COVID-19 and Your Finances-12-20

Owner/CEO at Money Talk
Dec. 8, 2020

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COVID-19 and Your Finances-12-20

  1. Dr. Barbara O’Neill, CFP®, AFC® @moneytalk1 COVID-19 and Your Finances
  2. Question: How Have You or a Family Member Been Impacted by COVID-19?
  3. Three COVID-19 Personal Finance Categories •Reduced Income and Struggling •Stable Income but Anxious •Increased Income with Opportunities
  4. What Experts Are Predicting NOT a “V” shaped recovery NOT a “W” shaped recovery NOT a “U” shaped recovery But… a “K” shaped recovery Source: COVID-19 is Dividing the American Worker, The Wall Street Journal, /articles/covid-19-is- dividing-the- american-worker- 11598068859
  5. Financial Action Steps for Each COVID-19 Category
  6. • Estate Planning Urgency • Will • Living will • Durable power of attorney • Asset and digital asset inventory • Beneficiary designation review • Multitude of Income Tax Implications • Delayed tax filing/payment deadline • Recovery rebates (stimulus) • Tax on unemployment benefits • $300 charity deduction (non-itemizers) • Tax credit eligibility (EITC, Savers Credit) • Waiver of 10% early withdrawal penalty on retirement accounts over three years • RMD suspension (age 72+) • > 6 months of remote work away from home (dual state tax, non-resident filing) Everyone Impacted by COVID-19 (i.e., All Americans)
  7. Create a Budget and Bill Payment Plan • Budgets are needed now more than ever (increases control) • RCE Resource: /fs421-worksheet.pdf • Project future income and expenses • Also create a bill payment calendar: ocuments/cfpb_well-being_bill- calendar.pdf • Ask to change payment due dates (if needed)
  8. Group #1: Reduced Income and Struggling Loss of income Food insecurity Depletion of savings End of moratoriums Eviction proceedings Benefit access issues Inability to access social support systems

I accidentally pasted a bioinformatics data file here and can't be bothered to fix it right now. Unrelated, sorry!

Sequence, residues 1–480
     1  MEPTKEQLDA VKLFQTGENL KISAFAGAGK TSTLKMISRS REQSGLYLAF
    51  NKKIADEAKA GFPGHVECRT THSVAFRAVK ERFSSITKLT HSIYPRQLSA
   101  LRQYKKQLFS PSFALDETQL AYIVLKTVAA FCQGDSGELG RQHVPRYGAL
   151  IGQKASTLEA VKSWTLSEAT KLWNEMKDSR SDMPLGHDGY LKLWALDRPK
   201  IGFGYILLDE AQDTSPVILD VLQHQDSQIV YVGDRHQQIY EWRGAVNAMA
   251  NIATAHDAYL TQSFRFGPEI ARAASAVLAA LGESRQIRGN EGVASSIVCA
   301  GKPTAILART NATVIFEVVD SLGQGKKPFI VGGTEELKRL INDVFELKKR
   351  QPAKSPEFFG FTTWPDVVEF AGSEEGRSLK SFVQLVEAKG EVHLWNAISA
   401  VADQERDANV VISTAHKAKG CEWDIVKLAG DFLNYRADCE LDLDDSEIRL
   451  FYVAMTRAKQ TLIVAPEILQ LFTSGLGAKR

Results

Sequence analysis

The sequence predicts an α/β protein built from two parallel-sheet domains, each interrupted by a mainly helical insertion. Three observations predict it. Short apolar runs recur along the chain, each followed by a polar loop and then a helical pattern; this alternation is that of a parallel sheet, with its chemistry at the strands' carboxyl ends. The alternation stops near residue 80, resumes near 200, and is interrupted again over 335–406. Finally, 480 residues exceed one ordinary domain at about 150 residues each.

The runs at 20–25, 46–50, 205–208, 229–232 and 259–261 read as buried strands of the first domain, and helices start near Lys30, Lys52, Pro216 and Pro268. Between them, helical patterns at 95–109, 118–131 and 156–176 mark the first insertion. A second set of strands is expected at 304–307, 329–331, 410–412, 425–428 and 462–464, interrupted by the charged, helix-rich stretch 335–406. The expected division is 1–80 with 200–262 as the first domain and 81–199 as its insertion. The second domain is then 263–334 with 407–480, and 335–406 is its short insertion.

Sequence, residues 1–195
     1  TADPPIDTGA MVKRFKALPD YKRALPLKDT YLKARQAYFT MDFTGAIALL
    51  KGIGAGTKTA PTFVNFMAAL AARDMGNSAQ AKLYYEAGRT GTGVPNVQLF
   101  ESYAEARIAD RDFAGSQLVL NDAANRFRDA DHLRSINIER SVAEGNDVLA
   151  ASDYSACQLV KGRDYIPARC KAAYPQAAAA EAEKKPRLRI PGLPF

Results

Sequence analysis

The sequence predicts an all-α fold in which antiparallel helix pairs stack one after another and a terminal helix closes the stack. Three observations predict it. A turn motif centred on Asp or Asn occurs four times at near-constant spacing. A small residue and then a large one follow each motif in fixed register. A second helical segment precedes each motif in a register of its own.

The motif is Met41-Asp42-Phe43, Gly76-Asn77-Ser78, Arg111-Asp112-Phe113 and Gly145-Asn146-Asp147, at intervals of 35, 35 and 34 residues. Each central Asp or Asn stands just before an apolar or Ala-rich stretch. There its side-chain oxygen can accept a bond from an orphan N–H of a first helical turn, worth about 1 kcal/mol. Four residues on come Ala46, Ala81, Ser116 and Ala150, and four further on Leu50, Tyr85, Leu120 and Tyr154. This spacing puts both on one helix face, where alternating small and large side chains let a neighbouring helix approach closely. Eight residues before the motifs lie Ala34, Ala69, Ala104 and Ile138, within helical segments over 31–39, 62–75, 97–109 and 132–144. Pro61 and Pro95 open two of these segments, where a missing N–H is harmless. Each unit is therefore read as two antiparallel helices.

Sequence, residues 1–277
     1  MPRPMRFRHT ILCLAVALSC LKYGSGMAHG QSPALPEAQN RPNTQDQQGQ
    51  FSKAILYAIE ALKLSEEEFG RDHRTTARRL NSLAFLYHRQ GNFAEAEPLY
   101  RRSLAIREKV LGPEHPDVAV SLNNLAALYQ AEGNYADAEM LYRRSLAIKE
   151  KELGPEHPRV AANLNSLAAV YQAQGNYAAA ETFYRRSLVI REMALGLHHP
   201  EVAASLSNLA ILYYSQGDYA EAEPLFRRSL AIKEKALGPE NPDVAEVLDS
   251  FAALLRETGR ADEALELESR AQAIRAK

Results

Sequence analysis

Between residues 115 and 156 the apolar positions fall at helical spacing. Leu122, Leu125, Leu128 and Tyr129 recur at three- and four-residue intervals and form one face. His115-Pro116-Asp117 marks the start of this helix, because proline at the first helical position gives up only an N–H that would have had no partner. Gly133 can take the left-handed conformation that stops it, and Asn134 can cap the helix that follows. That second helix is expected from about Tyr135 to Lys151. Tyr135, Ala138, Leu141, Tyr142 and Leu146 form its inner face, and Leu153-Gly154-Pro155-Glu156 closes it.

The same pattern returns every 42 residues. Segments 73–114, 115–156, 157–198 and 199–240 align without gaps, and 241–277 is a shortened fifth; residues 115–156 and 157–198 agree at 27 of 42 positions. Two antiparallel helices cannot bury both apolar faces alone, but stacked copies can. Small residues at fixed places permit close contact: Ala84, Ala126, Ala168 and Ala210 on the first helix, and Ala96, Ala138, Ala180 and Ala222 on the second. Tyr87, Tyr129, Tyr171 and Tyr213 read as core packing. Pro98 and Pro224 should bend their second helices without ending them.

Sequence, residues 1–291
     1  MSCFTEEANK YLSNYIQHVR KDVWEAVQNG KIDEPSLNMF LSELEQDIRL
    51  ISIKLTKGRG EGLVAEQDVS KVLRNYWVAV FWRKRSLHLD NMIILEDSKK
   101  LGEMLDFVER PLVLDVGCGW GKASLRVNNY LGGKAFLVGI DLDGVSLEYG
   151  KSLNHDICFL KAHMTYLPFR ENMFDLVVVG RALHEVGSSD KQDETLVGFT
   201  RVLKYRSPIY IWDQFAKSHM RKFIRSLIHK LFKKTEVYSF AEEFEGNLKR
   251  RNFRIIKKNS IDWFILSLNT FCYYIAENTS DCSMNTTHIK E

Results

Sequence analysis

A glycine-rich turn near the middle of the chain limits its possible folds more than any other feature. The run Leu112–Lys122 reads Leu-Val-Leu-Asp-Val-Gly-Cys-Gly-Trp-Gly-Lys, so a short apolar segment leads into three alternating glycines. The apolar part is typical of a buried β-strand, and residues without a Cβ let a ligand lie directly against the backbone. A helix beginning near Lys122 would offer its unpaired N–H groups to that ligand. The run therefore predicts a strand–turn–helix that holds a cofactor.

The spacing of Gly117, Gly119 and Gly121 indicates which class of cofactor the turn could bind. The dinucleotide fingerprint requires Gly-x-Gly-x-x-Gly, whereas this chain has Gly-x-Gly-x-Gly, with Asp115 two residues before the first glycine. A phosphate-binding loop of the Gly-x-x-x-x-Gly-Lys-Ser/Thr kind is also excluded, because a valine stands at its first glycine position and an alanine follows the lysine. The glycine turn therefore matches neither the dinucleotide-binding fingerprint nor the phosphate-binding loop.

9. Prioritize Spending (3 Categories) Needs (Needed for survival) • Food, rent/mortgage, utilities, medication co-pays, phone, internet, health insurance Obligations • Prioritize according to non-payment consequences (see next slide) Wants • Not needed to survive and you have no obligation to pay (dues, gifts, donations, travel, retirement savings)
  10. Prioritizing Obligations 1. Court Fines and Fees 7. Student Loans 2. Child Support 8. Unsecured Debt 3. Insurance (auto, property, life, disability) 9. Interpersonal debt 4. Money Judgments 10. Other? 5. Secured Debt 6. Taxes and Tax Debt
  11. Other Tips For Group #1 • Reach out for help: Call 211 or visit • Eliminate subscription services (e.g., satellite radio, gym, newspaper, streaming) • Assess resources (emergency fund, cash value life insurance, retirement plan) • Access CARES Act leniency provisions • Stay insured (health, life, property) • Protect your credit
  12. Group #2: Stable income, But Anxious No loss of income…yet Ominous warning signs about the financial stability of employer Fear of furloughs or layoffs Hearing stories about financial challenges of friends and family Worried that emergency savings is inadequate and/or debt is too high
  13. Tips for Group #2 (in addition to the tips for Group #1) • Develop a furlough preparation plan: calculate the value of a day’s pay • Increase your emergency fund • Accelerate debt repayment using PowerPay: • Invest in your human capital • Start a “side hustle” • Consider refinancing your mortgage • Rebalance your investment portfolio
  14. Group #3: Increased Income With Opportunities Little or no asset value loss Increased income and/or cash flow Decreased expenses (e.g., commuting, childcare, meals away from home) Spending freely on home improvements Other Impacts (boredom, fear, “survivor’s guilt,” anger about lost opportunities, mental health)
  15. Tips for the “Financially Unscathed” (in addition to the tips for Group #1 and Group #2) • Save/invest positive cash flow • Make prudent home improvements with a high ROI • Be careful about requests for co- signing, “loans,” and long-term support of adult children • Get serious about philanthropy to help others (e.g., Donor Advised Fund, gifting appreciated stock) • Be sure to withhold sufficient income tax on extra income
  16. Final Thoughts Take Action on Things You Can Control: Washing hands, social distancing, wearing a mask, physical activity, checking in with friends and family, outlook, attitude, emotions, saving, spending, and giving Learn to Accept Uncertainty: Identify “uncertainty “triggers” (social media, anxious family members, lack of sleep) and practice being comfortable being uncomfortable Focus on the Present (mindfulness principles) Manage Stress and Anxiety: Exercise, relaxation, sleep, healthy eating Map Out Plans On Paper: Draw three columns: Control, Adapt, and Monitor
  17. Questions? Comments? Experiences? @moneytalk1 Stay Safe!